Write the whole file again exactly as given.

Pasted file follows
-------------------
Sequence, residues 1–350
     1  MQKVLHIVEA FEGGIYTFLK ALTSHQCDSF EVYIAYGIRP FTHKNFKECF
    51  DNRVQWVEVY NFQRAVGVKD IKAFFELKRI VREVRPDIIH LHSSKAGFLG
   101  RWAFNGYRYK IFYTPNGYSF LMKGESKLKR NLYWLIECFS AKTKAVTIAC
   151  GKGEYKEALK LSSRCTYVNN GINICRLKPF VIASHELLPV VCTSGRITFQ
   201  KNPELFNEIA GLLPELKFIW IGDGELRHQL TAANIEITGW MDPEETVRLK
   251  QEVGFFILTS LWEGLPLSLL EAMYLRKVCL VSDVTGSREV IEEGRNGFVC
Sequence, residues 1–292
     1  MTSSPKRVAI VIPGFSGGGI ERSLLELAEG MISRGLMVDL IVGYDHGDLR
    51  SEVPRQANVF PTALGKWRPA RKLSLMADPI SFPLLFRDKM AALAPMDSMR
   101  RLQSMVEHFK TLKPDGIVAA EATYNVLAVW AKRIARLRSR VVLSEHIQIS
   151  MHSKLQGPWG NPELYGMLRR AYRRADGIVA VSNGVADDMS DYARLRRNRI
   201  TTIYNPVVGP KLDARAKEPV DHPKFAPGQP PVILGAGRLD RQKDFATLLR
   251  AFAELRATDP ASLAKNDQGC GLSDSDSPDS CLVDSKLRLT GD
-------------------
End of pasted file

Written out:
Sequence, residues 1–350
     1  MQKVLHIVEA FEGGIYTFLK ALTSHQCDSF EVYIAYGIRP FTHKNFKECF
    51  DNRVQWVEVY NFQRAVGVKD IKAFFELKRI VREVRPDIIH LHSSKAGFLG
   101  RWAFNGYRYK IFYTPNGYSF LMKGESKLKR NLYWLIECFS AKTKAVTIAC
   151  GKGEYKEALK LSSRCTYVNN GINICRLKPF VIASHELLPV VCTSGRITFQ
   201  KNPELFNEIA GLLPELKFIW IGDGELRHQL TAANIEITGW MDPEETVRLK
   251  QEVGFFILTS LWEGLPLSLL EAMYLRKVCL VSDVTGSREV IEEGRNGFVC
Sequence, residues 1–292
     1  MTSSPKRVAI VIPGFSGGGI ERSLLELAEG MISRGLMVDL IVGYDHGDLR
    51  SEVPRQANVF PTALGKWRPA RKLSLMADPI SFPLLFRDKM AALAPMDSMR
   101  RLQSMVEHFK TLKPDGIVAA EATYNVLAVW AKRIARLRSR VVLSEHIQIS
   151  MHSKLQGPWG NPELYGMLRR AYRRADGIVA VSNGVADDMS DYARLRRNRI
   201  TTIYNPVVGP KLDARAKEPV DHPKFAPGQP PVILGAGRLD RQKDFATLLR
   251  AFAELRATDP ASLAKNDQGC GLSDSDSPDS CLVDSKLRLT GD